Pull beats push. Feedback is much more effective when it’s wanted by the recipient (pull) than when it’s delivered to an unwilling person (push). Ultimately, it’s up to the recipient to learn or change.
Three triggers that block feedback:
- Truth: content is wrong, unjust, etc.
- Relationships: lost trust, intentions of givers
- Identity: the story about ourselves is under attack
Try to differentiate appreciation, coaching, and evaluation. We often expect one but get the other. We should also be explicit about what kind of feedback we are asking.
- First, understand: shift from “that’s wrong” to “tell me more.”
- The giver and the receiver interpret the label differently.
- Data and interpretation of data can be different.
Discover how you come across. Three blindspot amplifiers:
- Emotional math, discounting emotions. “I’m not [emotion].”
- Situation vs character. The fundamental attribution error.
- Impact vs intent. We judge ourselves by our intent; others judge us by our impact.
Emotional cues leak out through small facial expressions, the tone of voice, and similar.
Don’t switch tracks. It’s too easy to discuss different topics that are intertwined in one discussion. Signposting is an effective approach to resolving this challenge by labeling separate topics/tracks/conversations, and discussing them in turn, not mixing them.
Disentangle what from who. It’s easy to find excuses about the other person and why one shouldn’t accept their feedback.
Ask people you don’t work well with for honest feedback because they see your edges (you’re much nicer with people you like and who like you).
The relationship system. Instead of looking at the behaviors of only two people, look at their roles and environment (the whole system).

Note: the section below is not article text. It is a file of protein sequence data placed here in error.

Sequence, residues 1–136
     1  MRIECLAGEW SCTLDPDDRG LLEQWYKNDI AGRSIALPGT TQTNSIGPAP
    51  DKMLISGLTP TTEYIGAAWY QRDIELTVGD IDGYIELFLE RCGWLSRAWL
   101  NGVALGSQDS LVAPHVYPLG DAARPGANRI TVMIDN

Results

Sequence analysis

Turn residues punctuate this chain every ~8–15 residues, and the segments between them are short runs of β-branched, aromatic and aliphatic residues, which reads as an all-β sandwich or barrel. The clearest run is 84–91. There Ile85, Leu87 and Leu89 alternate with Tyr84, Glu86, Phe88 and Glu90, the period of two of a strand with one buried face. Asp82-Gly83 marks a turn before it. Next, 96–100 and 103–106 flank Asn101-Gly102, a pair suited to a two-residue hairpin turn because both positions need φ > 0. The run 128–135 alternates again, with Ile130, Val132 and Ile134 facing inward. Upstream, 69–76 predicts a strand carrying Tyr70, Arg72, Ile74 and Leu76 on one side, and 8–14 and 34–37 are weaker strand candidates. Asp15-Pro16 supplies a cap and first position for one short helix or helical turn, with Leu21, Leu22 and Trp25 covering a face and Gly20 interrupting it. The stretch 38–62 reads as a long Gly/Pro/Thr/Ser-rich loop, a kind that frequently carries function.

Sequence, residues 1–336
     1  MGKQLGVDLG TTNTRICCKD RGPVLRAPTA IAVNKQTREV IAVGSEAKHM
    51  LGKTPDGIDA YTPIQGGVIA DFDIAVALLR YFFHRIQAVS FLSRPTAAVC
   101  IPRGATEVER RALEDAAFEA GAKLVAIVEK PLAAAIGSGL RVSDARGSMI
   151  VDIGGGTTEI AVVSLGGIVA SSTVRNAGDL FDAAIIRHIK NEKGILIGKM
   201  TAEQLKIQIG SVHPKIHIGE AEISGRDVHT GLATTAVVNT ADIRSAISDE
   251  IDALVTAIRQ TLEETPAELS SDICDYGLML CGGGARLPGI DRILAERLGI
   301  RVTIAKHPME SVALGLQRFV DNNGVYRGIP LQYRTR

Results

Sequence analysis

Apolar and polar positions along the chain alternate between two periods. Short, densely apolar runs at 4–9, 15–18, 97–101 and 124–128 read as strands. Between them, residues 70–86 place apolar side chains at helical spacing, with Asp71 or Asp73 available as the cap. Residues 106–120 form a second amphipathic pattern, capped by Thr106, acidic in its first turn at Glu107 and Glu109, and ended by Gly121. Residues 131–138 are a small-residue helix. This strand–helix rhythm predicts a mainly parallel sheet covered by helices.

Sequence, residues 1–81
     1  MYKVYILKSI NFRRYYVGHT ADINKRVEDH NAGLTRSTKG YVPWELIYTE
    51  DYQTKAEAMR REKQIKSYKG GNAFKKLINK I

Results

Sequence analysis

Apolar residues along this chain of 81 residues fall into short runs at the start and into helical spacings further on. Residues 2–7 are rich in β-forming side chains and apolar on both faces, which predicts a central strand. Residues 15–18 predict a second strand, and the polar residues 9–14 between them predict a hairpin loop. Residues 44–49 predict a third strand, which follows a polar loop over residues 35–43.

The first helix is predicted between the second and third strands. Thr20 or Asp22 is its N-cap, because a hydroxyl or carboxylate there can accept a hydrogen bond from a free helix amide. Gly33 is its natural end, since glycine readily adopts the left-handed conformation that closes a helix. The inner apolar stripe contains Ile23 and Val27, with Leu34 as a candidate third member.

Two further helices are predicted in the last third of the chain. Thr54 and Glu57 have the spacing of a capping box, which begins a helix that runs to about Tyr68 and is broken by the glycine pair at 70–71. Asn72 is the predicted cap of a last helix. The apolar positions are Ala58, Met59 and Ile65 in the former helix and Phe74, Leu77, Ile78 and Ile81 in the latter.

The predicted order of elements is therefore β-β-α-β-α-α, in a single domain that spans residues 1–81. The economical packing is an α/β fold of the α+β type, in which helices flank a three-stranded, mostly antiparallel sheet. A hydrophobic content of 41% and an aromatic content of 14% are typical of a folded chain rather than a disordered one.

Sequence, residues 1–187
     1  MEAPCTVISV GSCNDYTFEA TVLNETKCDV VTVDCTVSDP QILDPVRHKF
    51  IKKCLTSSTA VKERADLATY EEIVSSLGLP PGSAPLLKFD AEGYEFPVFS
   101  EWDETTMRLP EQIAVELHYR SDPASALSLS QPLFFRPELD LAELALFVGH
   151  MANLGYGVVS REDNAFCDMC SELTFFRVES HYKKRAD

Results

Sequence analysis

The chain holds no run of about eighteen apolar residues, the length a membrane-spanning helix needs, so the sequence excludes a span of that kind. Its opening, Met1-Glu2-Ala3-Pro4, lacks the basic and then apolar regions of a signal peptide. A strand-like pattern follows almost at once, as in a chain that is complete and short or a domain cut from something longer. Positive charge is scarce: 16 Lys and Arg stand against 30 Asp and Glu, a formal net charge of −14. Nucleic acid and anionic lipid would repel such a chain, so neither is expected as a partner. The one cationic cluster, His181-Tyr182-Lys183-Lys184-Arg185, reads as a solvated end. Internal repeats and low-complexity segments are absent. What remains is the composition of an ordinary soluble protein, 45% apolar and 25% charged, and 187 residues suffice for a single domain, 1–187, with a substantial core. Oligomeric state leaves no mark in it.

Feedback can challenge stories we tell ourselves, so we apply emotions and distortions to feedback. Dismantling hurtful narratives in the style of cognitive behavioral therapy is really helpful here.
The change from the fixed to the growth mindset.
You always have the choice to take or reject feedback. However, the consequences of the decision on the relationship between the giver and receiver are shared.
- Thanks and no. I’m ready to hear it, but I might not take it right now.
- I don’t want feedback about that subject, not right now.
- Stop, or I will leave the relationship. This approach is the strongest and might be required if the giver harms the receiver with the feedback.
Navigate the conversation
- Prepare beforehand
- Open by getting aligned on goals and purpose
- Check for biases
- Active listening
- Collaborative problem-solving
Ways to take action
- “Name one thing” or asking for one point of feedback
- Listen to themes
- Try small experiments
In the book, the authors describe several additional ways to ask for feedback and to force yourself to change.
Feedback in organizations: performance management
Leadership and HR:
- Don’t just trumpet the benefits, but also explain the trade-offs.
- Separate appreciation, coaching, and evaluation.
Promote a culture of learners:
- Highlight learning stories. Explain how good performers learn and adapt to situations.
- Cultivate growth identities.
- Discuss second scores. How people respond to feedback, whether they are receptive or not, whether they make plans to improve, and similar.
- Create multitrack feedback. Evaluation and formal mentoring are on one track; coaching, social interactions, and learning are on the second.
- Leverage positive social norming. For example, saying, “39% of you haven’t done it, " emphasizes people’s undesirable actions and ignores those who have done it. It’s better to say, “61% of you have done it,” to appreciate people who have done it and show others they’re out of step. Related to Cialdini’s influence and social proof research.
For team leaders:
- Model learning and request coaching.
- As givers, manage your fears and reservations to provide feedback even when it’s hard. No feedback means the person doesn’t even have a chance to improve.
- Be aware of how individual differences collide in organizations.